Reference > Cambridge History > Cavalier and Puritan > Lesser Caroline Poets > Leonard Lawrence; Arnalte and Lucenda
  Nathaniel Whiting; Albino and Bellama Henry King  


The Cambridge History of English and American Literature in 18 Volumes (1907–21).
Volume VII. Cavalier and Puritan.

IV. Lesser Caroline Poets.

§ 8. Leonard Lawrence; Arnalte and Lucenda.

The Arnalte and Lucenda (1639) of Leonard Lawrence, a piece of little merit, and one or two others not worth mentioning. The last-named poem (which is worth mentioning if only for this reason) pretends to be adapted “from the Greek of an unknown author,” and this is an indirect testimony, much stronger than the direct assertion, to the influence of the late Greek romances on the whole class.   16
  As will have been seen, they even follow, with the single exception of Pharonnida, the double title, by hero’s and heroine’s name, which is usual in those romances; and they follow them, less superficially, in the predominance of love-interest as a central motive, and in the working out of the story by an endless series of mostly episodic adventures. This may appropriately bring us round to some consideration of the general character of the class itself. That character may be put afresh as showing vividly the persistence of the appetite for poetry, the disposition to couch fiction in verse and the decay of concentrated poetical power in the average writer, despite a strange general diffusion of some share of it; with, on the other side, the strong, blind groping after fiction itself. All these writers want to tell a story; but, for the most part, they do not in the very least know how to do it. Even if they were not perpetually neglecting their main business in order to scatter poetical flowers, which (except in the case of Chamberlayne conspicuously and of others more or less) they, again, do not know how to produce of the true colour and sweetness, their mere notion of novel arrangement is (except, perhaps, with Kynaston) hopelessly inadequate. Their confusion in this way infects, and, in its turn, is aggravated by, the disorder of their grammar, their style and their versification. It is true that, in almost all of them—as, for instance, in such an utterly forgotten person as Bosworth—there is a something, a suggestion, a reminiscence, of a kind of poetry not to be met again for a hundred and fifty years. But it rarely comes—save in Chamberlayne—to much more than a suggestion of poetry; and, everywhere, there is much more than a suggestion of the imperative necessity of an interval of “prose and sense.”   17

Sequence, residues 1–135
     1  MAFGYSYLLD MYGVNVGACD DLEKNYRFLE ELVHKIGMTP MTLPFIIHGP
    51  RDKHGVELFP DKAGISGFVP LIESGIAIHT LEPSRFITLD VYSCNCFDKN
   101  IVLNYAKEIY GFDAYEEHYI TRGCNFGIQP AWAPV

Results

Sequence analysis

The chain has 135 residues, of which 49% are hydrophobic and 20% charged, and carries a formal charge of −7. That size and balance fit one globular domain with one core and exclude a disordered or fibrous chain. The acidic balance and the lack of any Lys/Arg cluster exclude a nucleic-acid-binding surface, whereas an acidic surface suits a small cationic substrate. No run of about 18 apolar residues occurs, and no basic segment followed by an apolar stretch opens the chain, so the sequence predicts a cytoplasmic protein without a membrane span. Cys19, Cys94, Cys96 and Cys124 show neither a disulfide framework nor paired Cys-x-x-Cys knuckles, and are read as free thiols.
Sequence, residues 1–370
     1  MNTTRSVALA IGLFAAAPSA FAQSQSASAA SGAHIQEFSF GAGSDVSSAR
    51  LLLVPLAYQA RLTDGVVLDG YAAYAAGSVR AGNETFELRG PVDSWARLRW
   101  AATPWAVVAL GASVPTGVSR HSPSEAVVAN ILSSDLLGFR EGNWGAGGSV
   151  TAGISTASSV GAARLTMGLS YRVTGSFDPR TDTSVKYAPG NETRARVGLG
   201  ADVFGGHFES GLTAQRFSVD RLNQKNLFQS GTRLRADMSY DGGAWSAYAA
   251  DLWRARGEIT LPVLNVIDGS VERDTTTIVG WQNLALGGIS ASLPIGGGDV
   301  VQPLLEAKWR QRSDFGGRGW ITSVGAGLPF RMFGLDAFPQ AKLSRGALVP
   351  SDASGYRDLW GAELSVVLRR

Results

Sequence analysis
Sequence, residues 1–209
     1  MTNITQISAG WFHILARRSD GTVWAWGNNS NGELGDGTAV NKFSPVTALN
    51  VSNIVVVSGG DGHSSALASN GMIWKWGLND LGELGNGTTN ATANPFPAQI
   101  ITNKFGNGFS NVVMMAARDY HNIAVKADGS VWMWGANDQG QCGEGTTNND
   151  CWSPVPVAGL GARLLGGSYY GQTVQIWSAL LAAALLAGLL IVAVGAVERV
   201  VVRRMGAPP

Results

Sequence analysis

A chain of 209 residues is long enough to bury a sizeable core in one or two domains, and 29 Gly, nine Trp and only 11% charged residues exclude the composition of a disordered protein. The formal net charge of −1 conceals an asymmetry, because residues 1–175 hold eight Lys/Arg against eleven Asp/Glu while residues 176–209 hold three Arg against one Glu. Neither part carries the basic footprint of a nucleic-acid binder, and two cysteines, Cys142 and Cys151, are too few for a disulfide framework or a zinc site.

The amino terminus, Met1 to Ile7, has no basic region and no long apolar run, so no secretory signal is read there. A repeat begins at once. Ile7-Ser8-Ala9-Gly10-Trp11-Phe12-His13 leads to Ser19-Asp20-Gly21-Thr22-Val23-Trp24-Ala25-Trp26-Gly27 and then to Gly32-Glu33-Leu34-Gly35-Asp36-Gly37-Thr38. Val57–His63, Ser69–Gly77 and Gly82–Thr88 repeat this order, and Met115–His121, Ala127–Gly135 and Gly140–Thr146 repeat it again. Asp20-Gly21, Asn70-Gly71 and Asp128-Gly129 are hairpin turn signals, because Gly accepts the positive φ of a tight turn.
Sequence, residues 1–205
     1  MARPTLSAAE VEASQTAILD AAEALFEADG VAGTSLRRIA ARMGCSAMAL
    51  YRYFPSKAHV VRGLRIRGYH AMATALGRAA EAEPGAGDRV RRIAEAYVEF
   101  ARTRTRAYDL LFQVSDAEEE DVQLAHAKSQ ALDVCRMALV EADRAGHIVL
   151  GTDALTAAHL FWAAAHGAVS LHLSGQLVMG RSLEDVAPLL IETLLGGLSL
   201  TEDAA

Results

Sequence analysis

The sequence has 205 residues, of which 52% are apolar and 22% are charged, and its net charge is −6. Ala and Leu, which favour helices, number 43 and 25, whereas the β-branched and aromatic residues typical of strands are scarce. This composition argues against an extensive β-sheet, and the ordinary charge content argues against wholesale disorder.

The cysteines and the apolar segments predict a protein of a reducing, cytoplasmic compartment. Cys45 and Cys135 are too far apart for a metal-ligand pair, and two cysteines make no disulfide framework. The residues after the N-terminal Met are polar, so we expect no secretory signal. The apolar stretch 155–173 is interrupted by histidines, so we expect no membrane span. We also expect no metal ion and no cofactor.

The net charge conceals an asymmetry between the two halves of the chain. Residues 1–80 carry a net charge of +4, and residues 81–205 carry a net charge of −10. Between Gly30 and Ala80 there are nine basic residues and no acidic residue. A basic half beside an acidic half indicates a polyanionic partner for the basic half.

Some, however, of these poets also devoted themselves, and a larger number of others devoted themselves more or less, to kinds of poetry which, though certainly not less exacting in respect of purely poetical characteristics, are much less so in respect of the characteristics which poetry shares with prose. In the first chapter of this volume, something has been said concerning the differences derived from, or first exemplified by, Jonson and Donne, of later, as compared with earlier, lyric. But these differences, though exhibited on a larger scale, in greater variety and with more sustained perfection, by Herrick, Carew and others already mentioned, are nowhere more characteristically shown than by some of the lesser people who provide the subject of this chapter. Chalkhill’s verse, in this kind—more generally known than anything else here owing to its inclusion by Walton in The Compleat Angler—is good; but by far the best lyrist of the poets already mentioned is Kynaston, whose Cynthiades or Amorous Sonnets (1642) long ago furnished anthologists of taste with one or two specimens, and might have been much more largely drawn upon. The pieces which begin “Look not upon me with those lovely eyes”; “Do not conceal those radiant eyes”; “When I behold the heaven of thy face”; “Dear Cynthia, though thou bear’st the name” and “April is past: then do not shed” display, in all but the highest degree, though with some inequality, the impassioned quaintness of thought and expression, with the mellifluous variety of accompanying sound, which form the combined charm of this department of verse.   18

  Nathaniel Whiting; Albino and Bellama Henry King  

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